Jerry Brown’s Budget: What You Need to Know

SACRAMENTO, CA - OCTOBER 27:  California Governor Jerry Brown announces his public employee pension reform plan October 27, 2011 at the State Capitol in Sacramento, California.  Gov. Brown proposed 12 major reforms for state and local pension systems that he claims would end abuses and reduce taypayer costs by billions of dollars.  (Photo by Max Whittaker/Getty Images)

California Governor Jerry Brown. Photo by Max Whittaker/Getty Images

Governor Jerry Brown released his revised budget proposal last week, presenting a $115.3 billion spending plan, up from the original $113 billion plan he presented in January. The budget reflects an unexpected increase in state revenue since the start of the year – $3 billion, to be exact.

The state budget is, of course, an incredibly complex document. Rather than subject you (and us!) to the task of trying to understand the whole thing, today we present you with three of the most notable parts of the budget for you to comment and vote on:

Increased K-12 Education Spending

Under proposition 98, a voter-approved constitutional amendment passed in 1988, most of any extra money the state accumulates through unexpected windfalls must be allocated to California’s educational system. Given the surge in total state revenue, Governor Brown announced an additional $3,000 of spending per student. This comes as welcome news to school districts state-wide: in the wake of the fiscal recession in 2009, the 30,000 teachers and school staff were laid off.

Do you support this increased spending in K-12 education? Vote and comment here.

Increase K-12 Funding $3,000 per Student

In his revised budget, California governor Jerry Brown proposed increasing K-12 spending $3,000 per student. This comes as a result of an unexpected surge in state tax revenue. The additional funding would greatly benefit California’s school districts, which had to lay off 30,000 teachers and school staff in the wake of the 2009 financial crisis.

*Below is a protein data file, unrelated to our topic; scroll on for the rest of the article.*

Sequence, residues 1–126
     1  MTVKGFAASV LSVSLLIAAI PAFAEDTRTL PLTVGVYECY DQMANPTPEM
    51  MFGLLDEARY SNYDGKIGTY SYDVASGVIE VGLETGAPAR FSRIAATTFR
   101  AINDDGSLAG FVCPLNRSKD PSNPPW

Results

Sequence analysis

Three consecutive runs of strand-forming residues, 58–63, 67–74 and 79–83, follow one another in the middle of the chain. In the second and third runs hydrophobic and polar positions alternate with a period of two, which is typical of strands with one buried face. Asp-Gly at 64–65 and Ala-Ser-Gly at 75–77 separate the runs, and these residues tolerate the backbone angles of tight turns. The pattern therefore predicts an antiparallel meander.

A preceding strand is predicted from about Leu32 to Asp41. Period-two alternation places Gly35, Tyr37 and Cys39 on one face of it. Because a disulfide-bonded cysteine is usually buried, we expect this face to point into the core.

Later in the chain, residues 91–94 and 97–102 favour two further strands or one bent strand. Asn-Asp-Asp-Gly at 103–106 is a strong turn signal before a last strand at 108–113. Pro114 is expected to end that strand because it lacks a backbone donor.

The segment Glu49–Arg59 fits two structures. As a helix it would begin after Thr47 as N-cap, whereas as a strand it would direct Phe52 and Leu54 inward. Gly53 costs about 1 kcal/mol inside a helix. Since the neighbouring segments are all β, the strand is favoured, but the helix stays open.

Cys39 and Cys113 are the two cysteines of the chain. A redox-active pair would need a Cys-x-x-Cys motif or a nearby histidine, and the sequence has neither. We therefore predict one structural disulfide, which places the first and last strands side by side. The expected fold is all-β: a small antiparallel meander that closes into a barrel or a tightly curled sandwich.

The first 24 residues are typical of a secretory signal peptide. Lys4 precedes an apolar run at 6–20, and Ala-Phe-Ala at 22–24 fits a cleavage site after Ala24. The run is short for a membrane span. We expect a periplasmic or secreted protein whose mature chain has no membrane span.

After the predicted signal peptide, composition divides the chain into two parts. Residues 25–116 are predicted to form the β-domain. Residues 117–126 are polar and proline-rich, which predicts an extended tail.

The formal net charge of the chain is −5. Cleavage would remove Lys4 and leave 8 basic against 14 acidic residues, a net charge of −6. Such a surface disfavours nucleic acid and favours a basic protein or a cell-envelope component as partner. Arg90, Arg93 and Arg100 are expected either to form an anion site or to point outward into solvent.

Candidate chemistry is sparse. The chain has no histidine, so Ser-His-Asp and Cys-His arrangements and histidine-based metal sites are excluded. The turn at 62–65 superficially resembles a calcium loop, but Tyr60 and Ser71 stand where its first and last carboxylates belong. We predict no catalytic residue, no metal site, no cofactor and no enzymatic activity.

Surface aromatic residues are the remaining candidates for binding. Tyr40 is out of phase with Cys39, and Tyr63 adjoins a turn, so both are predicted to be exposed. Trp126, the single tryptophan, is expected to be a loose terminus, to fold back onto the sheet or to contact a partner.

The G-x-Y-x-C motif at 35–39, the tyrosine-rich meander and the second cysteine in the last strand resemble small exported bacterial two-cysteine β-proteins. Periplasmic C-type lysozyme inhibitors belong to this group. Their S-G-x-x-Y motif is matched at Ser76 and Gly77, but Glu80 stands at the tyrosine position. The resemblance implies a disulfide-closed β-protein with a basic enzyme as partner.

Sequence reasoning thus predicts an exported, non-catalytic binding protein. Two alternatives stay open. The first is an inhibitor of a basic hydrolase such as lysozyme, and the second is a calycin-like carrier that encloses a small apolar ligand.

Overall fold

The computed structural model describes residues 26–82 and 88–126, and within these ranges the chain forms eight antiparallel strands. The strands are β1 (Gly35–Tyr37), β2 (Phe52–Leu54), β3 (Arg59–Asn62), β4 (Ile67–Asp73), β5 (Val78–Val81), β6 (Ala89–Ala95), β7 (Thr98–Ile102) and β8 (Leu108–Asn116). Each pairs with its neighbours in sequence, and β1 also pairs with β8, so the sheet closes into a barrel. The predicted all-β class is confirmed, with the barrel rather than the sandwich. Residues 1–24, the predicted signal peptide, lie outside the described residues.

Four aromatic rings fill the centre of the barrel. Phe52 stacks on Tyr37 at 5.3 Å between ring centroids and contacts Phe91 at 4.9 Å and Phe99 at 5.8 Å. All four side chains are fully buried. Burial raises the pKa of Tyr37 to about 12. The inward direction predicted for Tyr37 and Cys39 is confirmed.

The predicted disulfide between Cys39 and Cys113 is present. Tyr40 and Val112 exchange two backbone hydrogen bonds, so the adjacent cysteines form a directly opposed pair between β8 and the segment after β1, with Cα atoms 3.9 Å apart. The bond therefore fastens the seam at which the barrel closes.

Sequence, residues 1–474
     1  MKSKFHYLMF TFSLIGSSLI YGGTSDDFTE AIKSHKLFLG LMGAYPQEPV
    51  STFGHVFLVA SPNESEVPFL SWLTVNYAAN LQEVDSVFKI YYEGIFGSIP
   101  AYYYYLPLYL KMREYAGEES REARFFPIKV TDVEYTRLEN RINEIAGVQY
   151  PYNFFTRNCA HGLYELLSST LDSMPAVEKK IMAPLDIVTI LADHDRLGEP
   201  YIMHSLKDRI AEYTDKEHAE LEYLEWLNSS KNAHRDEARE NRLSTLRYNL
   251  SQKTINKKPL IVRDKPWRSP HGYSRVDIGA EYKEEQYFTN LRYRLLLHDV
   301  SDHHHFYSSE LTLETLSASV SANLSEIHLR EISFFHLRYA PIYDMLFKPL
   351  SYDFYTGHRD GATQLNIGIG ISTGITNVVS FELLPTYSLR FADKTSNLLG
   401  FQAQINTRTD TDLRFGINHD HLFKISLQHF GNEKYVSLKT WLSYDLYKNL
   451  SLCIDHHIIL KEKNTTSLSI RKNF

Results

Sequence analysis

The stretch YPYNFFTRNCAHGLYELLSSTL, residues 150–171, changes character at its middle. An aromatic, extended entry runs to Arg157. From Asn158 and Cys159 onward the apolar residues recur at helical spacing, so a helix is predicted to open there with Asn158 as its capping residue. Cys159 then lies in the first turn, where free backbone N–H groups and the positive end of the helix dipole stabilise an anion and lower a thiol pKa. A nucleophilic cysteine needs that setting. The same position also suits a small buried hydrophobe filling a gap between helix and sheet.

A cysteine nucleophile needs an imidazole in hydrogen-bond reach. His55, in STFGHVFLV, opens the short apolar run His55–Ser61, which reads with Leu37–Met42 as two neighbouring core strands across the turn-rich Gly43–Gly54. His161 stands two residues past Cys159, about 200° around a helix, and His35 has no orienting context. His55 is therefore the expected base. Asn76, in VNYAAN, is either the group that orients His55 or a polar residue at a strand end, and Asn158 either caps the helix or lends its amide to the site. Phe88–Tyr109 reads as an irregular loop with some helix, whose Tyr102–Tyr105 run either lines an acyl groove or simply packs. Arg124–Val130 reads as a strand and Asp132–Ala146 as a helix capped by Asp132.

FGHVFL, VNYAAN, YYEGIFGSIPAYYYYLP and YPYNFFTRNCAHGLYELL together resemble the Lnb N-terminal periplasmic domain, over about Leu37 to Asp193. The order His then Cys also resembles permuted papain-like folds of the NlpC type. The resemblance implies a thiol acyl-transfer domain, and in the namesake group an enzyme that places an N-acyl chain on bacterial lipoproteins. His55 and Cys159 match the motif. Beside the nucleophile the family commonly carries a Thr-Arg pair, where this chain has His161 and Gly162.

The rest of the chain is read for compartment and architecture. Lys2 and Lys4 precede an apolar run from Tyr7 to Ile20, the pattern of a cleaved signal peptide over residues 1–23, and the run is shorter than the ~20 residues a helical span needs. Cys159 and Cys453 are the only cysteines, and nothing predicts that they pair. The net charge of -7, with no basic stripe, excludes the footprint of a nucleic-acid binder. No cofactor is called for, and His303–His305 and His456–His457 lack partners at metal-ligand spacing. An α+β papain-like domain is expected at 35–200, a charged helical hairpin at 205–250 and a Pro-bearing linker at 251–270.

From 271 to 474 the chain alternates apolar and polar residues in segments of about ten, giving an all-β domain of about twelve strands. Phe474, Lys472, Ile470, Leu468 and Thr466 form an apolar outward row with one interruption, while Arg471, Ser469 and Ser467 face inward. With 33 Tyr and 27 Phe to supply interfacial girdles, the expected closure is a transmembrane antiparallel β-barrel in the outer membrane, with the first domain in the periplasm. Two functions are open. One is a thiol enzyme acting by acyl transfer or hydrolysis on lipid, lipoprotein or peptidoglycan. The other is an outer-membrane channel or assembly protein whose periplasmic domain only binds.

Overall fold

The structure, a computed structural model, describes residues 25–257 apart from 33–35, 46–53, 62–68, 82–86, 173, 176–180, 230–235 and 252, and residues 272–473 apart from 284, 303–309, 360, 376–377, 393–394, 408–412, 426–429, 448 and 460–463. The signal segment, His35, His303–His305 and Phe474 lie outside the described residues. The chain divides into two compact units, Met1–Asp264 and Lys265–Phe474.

UC Tuition Freeze

Also featuring prominently in the governor’s budget is a deal he cut with University of California president Janet Napolitano. Over the last several months, the two had butted heads over Napolitano’s plan to increase tuition on UC undergraduates by five percent every five years. Napolitano maintained that, in the absence of additional state funding, the UC had no other choice. The governor adamantly opposed the tuition hikes, saying the university should seek out cost cutting measures.

And then the state took in more money than expected. More money has a way of bringing people together.

Under their new agreement, tuition on in-state students will freeze for the next two years. The state will allocate an additional 4% of general fund revenue to the university over the next four years for a total of $507 million, and will also provide an additional $436 million over the next three years to help the university pay down its pension obligations. Governor Brown also wanted to increase the number of in-state students the university admits; Napolitano has yet to announce whether this will occur.

Sound like a good compromise to you?

Freeze UC Tuition

Governor Jerry Brown and UC President Janet Napolitano have come to an agreement to freeze tuition UC undergraduates pay for the next two years. Napolitano had pushed for a plan to increase tuition, which Brown staunchly opposed. In exchange for the tuition freeze, the state will provide UC with an additional 4% of general fund revenue to the university over the next four years for a total of $507 million, and will also provide an additional $436 million over the next three years to help the university pay down its pension obligations.



 

The State Earned Income Tax Credit

The other standout feature of the budget is the governor’s proposal for a state earned income tax credit. The EITC is an anti-poverty measure that provides qualifying working families with an annual tax credit. The allocation is determined on a sliding scale based on the household income and number of children in the family. Under the governor’s plan, 825,000 families would benefit and receive an average of $460 every year. The maximum payout a family could receive is $2,653. The governor’s move comes amidst repeated calls by progressive legislators to do more for the working poor. 25 other states and the District of Columbia have instituted their own versions of the EITC.

Is it time that California have its own earned income tax credit?

California Earned Income Tax Credit

In his 2015 state budget, Governor Jerry Brown proposed a state earned income tax credit. The policy targets lower income populations, and gives a tax credit on a sliding scale based on income and the number of children in the household. Under the governor’s plan, 825,000 families would benefit and receive an average of $460 every year. The maximum payout a family could receive is $2,653.



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